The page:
Workplace romance more tricky in #MeToo era

City talk | Charlotte Plantive 11 Nov 2019

Workplace romances are fairly common, but they are becoming more regulated in the United States amid the #MeToo movement.

American companies, particularly the larger ones, have had codes of conduct for employees for years, and more firms have been adopting them recently.

At McDonald's, for example, "employees who have a direct or indirect reporting relationship to each other are prohibited from dating or having a sexual relationship."

As McDonald's chief executive, Steve Easterbrook was in charge of enforcing what were known as the "Standards of Business Conduct" at the fast-food giant.

But he fell foul of those rules and was forced out days ago for demonstrating "poor judgment involving a recent consensual relationship with an employee."

Easterbrook is just the latest in a long line of top executives who have resigned or been dismissed for violating company guidelines surrounding relationships.

Brian Dunn quit as the CEO of consumer electronics chain Best Buy in 2012, following the revelation of his "close personal relationship" with a female subordinate.

Brian Krzanich, chief executive of semiconductor giant Intel, stepped down last year for violating the company's non-fraternization policy.

The list goes on - and it is not limited to corporate boardrooms or men.

Katie Hill, a Democratic member of the US House of Representatives from California, has just resigned after acknowledging she had a relationship with a staffer on her election campaign team.

According to the Society for Human Resource Management, 42 percent of US workers in 2013 were employed by companies that had written or verbal policies in place regarding workplace romances.

The goal of such policies is not only to prevent sexual harassment but also favoritism or conflicts of interest.

Julie Moore, an employment lawyer, says the rules have been applied more scrupulously since the #MeToo movement spawned by the alleged serial sexual harassment and assault of actresses by Hollywood producer Harvey Weinstein.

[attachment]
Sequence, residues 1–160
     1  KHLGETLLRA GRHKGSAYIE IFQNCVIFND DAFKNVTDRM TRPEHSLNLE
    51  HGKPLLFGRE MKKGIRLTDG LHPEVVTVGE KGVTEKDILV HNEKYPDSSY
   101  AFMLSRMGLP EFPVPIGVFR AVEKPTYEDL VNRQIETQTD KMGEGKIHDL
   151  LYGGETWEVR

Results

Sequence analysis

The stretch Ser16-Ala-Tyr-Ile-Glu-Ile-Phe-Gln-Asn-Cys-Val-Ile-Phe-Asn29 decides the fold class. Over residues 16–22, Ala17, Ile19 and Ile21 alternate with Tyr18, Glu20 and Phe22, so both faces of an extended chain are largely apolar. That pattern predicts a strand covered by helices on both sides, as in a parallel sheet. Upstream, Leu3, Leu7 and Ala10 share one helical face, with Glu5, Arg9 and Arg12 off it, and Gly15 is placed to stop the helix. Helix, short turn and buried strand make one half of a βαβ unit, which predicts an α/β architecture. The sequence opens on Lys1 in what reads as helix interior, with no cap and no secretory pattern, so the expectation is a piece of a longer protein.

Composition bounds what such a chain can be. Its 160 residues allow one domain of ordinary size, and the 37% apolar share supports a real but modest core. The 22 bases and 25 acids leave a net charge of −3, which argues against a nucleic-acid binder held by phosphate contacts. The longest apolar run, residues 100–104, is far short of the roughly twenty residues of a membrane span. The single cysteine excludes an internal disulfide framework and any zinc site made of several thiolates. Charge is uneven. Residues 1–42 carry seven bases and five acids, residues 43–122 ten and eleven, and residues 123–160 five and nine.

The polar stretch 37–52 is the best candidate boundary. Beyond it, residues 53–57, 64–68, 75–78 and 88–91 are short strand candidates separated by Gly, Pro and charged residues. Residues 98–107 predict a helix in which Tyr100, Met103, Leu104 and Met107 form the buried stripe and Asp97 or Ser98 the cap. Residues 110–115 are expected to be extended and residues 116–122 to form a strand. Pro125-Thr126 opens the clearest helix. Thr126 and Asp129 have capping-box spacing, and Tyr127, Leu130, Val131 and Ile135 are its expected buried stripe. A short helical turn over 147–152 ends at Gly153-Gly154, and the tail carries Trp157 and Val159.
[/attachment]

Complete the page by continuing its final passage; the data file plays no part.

"The #MeToo movement has certainly furthered scrutiny of relationships in the workplace," Moore says.

"Whether it's a consensual, personal romantic relationship or otherwise, there could be a breeding ground for sexual harassment."

This comes into play particularly when the relationship involves a supervisor and a subordinate.

"The CEO is the most powerful person in the organization," Moore says.

"When there is power, can someone really consent to a relationship? Because of the power disparity, you are going to look at whether there was true consent. If not, a subordinate could easily say at some point that it was a violation of sexual harassment policy."

Johnny Taylor, president of the Society for Human Resource Management, says there will always be workplace romances.

According to a poll from SHRM, one out of three American adults is currently in a workplace romance or has been involved in one.

"Because so much of our waking time is spent at work, it's no surprise romances develop in the workplace," Taylor says.

"It makes little sense to forbid them. Instead, employees should be encouraged to disclose relationships.

"This is the most effective way to limit the potential for favoritism, retaliation and sexual harassment claims."


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